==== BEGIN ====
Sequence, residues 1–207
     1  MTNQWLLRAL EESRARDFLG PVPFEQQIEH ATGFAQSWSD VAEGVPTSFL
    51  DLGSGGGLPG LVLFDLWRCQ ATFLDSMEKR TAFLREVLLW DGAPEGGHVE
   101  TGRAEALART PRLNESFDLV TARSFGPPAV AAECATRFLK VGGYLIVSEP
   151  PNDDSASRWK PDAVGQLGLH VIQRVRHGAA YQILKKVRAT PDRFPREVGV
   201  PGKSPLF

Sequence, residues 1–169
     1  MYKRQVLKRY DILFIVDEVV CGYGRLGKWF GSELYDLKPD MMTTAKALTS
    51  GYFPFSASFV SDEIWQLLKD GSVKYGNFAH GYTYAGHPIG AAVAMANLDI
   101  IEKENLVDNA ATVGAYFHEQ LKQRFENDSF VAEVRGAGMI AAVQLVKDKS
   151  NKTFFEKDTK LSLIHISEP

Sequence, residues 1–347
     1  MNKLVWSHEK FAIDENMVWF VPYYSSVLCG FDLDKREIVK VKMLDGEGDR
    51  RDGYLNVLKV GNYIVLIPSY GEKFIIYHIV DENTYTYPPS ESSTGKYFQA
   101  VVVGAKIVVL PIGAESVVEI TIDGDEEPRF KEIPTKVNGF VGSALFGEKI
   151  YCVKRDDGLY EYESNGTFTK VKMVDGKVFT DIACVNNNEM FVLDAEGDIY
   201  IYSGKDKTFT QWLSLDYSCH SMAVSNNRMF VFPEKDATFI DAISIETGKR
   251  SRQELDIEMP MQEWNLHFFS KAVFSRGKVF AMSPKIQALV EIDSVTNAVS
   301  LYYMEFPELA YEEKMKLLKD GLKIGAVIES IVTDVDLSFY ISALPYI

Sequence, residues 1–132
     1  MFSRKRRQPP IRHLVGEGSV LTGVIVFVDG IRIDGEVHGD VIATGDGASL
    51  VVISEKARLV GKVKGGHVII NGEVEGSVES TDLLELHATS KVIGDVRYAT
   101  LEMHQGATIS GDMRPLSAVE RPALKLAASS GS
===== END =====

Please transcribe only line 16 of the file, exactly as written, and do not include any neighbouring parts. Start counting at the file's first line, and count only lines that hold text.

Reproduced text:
   151  YCVKRDDGLY EYESNGTFTK VKMVDGKVFT DIACVNNNEM FVLDAEGDIY